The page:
As the Juan Williams controversy broke last week, NPR's Schiller was asked about Liasson's ongoing relationship with Fox News:

Q: As you mentioned, Mara Liasson appears on Fox News. Is there an issue with Fox News?

A: No. She behaves on Fox as a journalists. I have no issues with anything she has said on Fox. This is not about Fox News. It's not about a political agenda. This is not about even validating or invalidating [Williams'] feelings.

But Liasson does not act as a reporter on Fox News. She does not assemble facts and provide context the way a journalists would. Instead, she takes part in classic cable TV bull sessions and she sits in while an extraordinary amount of right-wing misinformation is shoveled onto the airwaves. So there's no question that the Fox News programs Liasson appears on "encourage punditry and speculation."

The second ethics no-no is even more clear-cut: Being associated with Fox News harms NPR's professional reputation. It's the same reason that the recent Fox News Sunday appearance by New York Times reporter Elizabeth Bumiller raised objectionsfrom former Times staffers. (i.e. "It's just a bad idea.") They thought it was ill-advised to help legitimize Fox News' openly partisan programming by having respected Times reporters appear on Rupert Murdoch's programs.

The same situation holds true for NPR. And it's the same point Slate editor Jacob Weisberg addressed last year:

By appearing on Fox, reporters validate its propaganda values and help to undermine the role of legitimate news organizations. Respectable journalists—I'm talking to you, Mara Liasson—should stop appearing on its programs.

Indeed, how does being associated with wildly partisan and habitually irresponsible Fox News not harm to NPR's reputation? Or, how does being aligned with Fox News today help NPR's reputation? It doesn't.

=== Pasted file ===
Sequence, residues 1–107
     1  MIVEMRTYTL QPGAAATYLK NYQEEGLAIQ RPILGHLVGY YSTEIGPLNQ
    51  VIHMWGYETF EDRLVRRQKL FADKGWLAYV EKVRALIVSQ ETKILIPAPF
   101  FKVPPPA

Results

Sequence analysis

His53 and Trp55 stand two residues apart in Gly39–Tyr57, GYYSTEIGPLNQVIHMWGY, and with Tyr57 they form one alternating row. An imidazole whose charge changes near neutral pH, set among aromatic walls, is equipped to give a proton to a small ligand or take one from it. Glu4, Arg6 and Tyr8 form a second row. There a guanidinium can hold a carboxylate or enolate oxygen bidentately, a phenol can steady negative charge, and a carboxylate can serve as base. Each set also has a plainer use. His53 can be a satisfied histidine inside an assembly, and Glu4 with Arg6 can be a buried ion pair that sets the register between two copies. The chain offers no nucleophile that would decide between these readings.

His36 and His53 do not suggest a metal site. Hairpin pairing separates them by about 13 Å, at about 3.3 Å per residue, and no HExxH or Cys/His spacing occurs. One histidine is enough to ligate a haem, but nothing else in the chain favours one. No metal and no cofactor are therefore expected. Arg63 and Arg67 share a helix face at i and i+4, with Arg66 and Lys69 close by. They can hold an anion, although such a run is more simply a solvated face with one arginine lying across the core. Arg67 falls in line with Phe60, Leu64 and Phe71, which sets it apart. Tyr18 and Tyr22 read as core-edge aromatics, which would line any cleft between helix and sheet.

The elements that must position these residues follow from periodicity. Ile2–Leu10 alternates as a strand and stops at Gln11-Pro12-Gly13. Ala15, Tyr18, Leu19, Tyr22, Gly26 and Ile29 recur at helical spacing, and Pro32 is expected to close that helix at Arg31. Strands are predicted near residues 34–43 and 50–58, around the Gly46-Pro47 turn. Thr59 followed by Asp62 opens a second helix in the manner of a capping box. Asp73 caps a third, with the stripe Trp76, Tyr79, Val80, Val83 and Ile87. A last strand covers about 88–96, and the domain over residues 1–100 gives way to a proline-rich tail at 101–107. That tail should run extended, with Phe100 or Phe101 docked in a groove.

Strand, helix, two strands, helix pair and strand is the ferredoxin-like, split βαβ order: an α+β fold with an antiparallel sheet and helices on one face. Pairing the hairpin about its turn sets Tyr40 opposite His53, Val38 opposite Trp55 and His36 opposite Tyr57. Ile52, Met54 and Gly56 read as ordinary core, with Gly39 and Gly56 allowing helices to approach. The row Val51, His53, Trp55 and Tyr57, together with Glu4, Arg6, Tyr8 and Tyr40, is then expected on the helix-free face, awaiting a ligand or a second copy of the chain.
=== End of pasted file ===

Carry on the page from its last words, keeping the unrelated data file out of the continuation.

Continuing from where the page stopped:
And keep in mind that NPR's code, written "to protect the credibility of NPR's programming by ensuring high standards of honesty, integrity, impartiality and staff conduct," also forbids NPR journalists from participating in appearances that "may appear to endorse the agenda of a group or organization." Fox News today quite clearly endorses a political agenda. Hell, it endorses specific candidates.

According to the ethics code, the solution to such transgressions is quite simple:

Permission for such appearances may be revoked if NPR determines such appearances are harmful to the reputation of NPR or the NPR participant.

What's frustrating is that it's clear NPR's top news managers understand Liasson's Fox News affiliation runs afoul of the network's guidelines and have tried to reign her in. That was revealed last year in a Politico report [emphasis added]:

Executives at National Public Radio recently asked the network's top political correspondent, Mara Liasson, to reconsider her regular appearances on Fox News because of what they perceived as the network's political bias, two sources familiar with the effort said.

According to a source, Liasson was summoned in early October by NPR's executive editor for news, Dick Meyer, and the network's supervising senior Washington editor, Ron Elving. The NPR executives said they had concerns that Fox's programming had grown more partisan, and they asked Liasson to spend 30 days watching the network.

At a follow-up meeting last month, Liasson reported that she'd seen no significant change in Fox's programming and planned to continue appearing on the network, the source said.

That was one year ago. Does anyone think that in the last twelve months Obama-hating Fox News has become moreprofessional, or less partisan in its approach to the covering the news? Me neither.

The third reason Liasson shouldn't be on Fox News is because it's viciously maligning her NPR colleagues and casting the venerable news organization as an tool for the Democratic Party. I would think that some sense of loyalty to NPR would preclude Liasson from wanting to continue her Fox News affiliation.

But if that doesn't stop her from showing up for duty at Fox News, NPR managers ought tell Liasson enough is enough.

Mara Liasson